Gov. Mike Dunleavy, who ran for office promising no cuts to the University of Alaska, forced the institution into a devastating decision Monday that will harm students and the Alaska economy for many years to come.

With his veto of $130 million in state funding for the university, which has been preserved by a minority of Republicans in the Legislature, most of them from Mat-Su and Anchorage, Dunleavy has pushed UA over the edge.

The Fairbanks delegation, including Republican Sens. John Coghill and Click Bishop and Republican Reps. Steve Thompson and Bart LeBon, has opposed the Dunleavy plan to dismantle the University of Alaska. Democratic Sen. Scott Kawasaki and Democratic Reps. Adam Wool and Grier Hopkins, all of Fairbanks, also oppose the governor on this.

Republican Reps. Tammie Wilson of North Pole and Dave Talerico of Healy, whose district includes a part of the Fairbanks North Star Borough, have sided with Dunleavy. They have staked out a position that will harm Fairbanks more than any other community.

The UA board of regents declared “financial exigency” Monday, an action that will have long-lasting negative consequences for the university, young Alaskans and the Alaska economy. From 1,300 to 2,000 faculty and staff positions are expected to be eliminated, along with a host of academic programs, because of a $135 million budget cut.

Dunleavy and his radical Republican enablers are signalling to young Alaskans who want a higher education that they should move Outside.

Financial exigency is an extreme step that will lead to a sudden and unplanned dismantling of programs across the state. Anyone looking at this from Outside will conclude that the state is not a good place to invest because it is unwilling to support higher education.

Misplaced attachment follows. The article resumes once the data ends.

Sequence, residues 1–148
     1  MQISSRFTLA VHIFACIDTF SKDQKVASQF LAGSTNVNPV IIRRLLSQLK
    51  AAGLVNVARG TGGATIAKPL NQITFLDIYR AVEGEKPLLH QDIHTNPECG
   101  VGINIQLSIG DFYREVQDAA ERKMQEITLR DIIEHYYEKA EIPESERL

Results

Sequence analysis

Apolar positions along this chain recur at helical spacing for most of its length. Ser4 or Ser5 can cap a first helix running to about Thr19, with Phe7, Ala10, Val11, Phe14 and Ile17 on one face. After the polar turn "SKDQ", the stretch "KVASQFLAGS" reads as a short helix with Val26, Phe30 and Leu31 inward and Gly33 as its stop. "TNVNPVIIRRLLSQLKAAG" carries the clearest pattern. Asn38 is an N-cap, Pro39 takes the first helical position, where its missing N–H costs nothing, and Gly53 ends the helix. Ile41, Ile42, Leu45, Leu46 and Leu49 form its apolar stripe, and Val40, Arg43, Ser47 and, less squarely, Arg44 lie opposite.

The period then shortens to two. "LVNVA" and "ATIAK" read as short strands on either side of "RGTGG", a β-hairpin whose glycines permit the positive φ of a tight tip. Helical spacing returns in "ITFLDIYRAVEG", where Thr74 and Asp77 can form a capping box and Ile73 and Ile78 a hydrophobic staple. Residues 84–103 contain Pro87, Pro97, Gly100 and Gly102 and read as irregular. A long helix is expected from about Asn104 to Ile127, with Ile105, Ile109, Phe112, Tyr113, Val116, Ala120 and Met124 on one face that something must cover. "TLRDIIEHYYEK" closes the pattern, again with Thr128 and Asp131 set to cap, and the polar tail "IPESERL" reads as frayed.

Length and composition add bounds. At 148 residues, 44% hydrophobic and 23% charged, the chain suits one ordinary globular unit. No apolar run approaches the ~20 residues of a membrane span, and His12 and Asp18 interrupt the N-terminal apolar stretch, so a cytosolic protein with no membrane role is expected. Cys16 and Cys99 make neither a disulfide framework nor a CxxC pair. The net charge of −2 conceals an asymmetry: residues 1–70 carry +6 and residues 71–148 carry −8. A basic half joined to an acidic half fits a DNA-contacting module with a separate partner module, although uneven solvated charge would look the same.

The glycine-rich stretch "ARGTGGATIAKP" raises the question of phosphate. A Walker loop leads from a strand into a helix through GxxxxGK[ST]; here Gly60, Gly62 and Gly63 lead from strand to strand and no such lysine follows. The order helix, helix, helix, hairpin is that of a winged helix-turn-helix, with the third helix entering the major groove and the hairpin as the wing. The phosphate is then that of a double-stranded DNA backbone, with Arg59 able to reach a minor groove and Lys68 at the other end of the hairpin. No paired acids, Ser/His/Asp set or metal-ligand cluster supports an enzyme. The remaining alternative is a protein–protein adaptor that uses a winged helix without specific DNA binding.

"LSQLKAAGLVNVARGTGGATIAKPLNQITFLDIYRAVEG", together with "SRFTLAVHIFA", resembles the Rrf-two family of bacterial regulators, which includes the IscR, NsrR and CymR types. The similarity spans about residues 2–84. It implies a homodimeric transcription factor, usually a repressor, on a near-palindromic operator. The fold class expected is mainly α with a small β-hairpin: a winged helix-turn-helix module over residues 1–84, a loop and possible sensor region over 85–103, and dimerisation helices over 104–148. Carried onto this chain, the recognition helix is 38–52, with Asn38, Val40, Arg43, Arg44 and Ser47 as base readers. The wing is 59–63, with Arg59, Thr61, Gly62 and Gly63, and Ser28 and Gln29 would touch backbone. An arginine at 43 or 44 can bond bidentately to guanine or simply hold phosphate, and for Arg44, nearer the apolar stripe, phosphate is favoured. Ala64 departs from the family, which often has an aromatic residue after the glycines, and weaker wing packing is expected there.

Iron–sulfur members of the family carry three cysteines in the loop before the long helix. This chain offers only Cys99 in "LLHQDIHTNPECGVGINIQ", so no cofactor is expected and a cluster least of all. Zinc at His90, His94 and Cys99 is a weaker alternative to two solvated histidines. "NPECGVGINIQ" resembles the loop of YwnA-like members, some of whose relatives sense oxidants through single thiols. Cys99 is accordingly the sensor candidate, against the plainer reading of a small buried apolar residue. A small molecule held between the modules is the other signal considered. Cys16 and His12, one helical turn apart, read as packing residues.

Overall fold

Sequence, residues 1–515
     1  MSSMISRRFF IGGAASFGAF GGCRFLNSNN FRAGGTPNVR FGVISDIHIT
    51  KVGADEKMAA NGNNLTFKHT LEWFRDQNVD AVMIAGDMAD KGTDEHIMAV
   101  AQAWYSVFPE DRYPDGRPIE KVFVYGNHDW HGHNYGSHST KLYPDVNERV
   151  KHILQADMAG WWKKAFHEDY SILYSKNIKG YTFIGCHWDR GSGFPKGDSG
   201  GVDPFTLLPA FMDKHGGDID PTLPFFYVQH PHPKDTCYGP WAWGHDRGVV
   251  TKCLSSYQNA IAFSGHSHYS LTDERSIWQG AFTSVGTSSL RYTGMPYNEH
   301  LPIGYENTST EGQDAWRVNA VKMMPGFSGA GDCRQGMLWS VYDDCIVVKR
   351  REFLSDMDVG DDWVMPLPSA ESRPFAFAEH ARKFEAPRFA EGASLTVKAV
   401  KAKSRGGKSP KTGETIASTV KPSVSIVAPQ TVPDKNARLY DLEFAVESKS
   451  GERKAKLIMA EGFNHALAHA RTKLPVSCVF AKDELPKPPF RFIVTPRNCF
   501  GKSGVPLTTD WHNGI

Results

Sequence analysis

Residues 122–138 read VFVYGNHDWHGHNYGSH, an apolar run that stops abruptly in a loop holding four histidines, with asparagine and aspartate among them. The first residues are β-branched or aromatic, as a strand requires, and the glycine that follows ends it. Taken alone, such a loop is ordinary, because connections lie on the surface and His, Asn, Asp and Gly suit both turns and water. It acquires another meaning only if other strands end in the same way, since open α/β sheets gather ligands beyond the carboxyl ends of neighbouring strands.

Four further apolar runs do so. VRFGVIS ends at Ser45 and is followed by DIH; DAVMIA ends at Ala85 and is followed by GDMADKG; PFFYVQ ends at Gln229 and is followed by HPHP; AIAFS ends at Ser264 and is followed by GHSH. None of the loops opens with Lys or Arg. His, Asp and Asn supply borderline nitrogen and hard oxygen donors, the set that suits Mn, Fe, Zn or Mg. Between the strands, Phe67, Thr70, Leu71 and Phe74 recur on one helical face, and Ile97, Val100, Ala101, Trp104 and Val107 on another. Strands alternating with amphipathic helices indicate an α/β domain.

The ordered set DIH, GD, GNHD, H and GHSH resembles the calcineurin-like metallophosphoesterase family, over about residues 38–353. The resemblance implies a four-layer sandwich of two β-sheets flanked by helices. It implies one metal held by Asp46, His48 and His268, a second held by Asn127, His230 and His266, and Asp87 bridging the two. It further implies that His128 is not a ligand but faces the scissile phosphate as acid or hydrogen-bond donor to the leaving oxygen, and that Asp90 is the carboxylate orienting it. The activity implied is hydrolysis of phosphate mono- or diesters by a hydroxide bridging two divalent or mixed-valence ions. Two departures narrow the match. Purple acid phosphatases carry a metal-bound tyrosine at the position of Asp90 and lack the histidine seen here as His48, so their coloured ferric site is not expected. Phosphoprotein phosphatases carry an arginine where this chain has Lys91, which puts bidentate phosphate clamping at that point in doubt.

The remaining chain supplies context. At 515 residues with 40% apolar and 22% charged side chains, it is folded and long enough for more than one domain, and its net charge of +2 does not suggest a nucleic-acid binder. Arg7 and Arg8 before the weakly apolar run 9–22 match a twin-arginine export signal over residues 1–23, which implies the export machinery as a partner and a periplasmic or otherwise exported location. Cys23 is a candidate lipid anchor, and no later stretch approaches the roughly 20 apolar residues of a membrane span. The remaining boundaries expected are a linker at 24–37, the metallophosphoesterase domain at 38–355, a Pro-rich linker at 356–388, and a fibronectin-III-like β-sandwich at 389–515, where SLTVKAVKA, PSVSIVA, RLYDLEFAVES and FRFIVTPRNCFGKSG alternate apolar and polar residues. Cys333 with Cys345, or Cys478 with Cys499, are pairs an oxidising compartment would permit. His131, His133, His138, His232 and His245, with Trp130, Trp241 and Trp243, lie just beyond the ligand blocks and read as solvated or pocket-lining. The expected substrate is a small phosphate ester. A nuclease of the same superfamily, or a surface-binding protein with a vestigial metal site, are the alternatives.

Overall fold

At least twice in the past, the university has been on the ropes because of decisions made in Juneau. In both instances, however, there was a governor who believed in higher education and worked to prevent the damage.

In 1947-48, the university nearly shut its doors because of inaction by the Territorial Legislature that required the school to line up a dozen private personal loans to keep its doors open. Gov. Ernest Gruening called an emergency session in 1949 and helped get the territory’s first income tax approved that year.

In 1986, the UA regents authorized a move to declare financial exigency because of a sudden 20% drop in state support following a crash in oil prices that had led to a deficit.

Gov. Bill Sheffield was alarmed by the damage the emergency declaration would do and took immediate steps to deal with the problem, with the encouragement of key legislators. 

On Aug. 15, 1986, Sheffield was in Fairbanks where he reached an agreement with UA President Donald O’Dowd that allowed $6 million from construction projects to be spent on operations, which avoided implementation of the exigency declaration. Legislative leaders of both parties supported the agreement. They had warned of dire consequences and lasting damage to the reputation of the university if no solution could be found.

Today we have a governor who created a crisis and who isn’t about to try to solve it. He refuses to take responsibility for his actions or for the promises he made as a candidate. He is governing by veto, ignoring the objections of Alaskans and a majority of the Legislature. 

Dermot Cole is a longtime Alaskan, an author of several history books, and a former Daily News-Miner staff columnist who now writes an occasional column on Alaska politics and history. His email address is dermotmcole@gmail.com.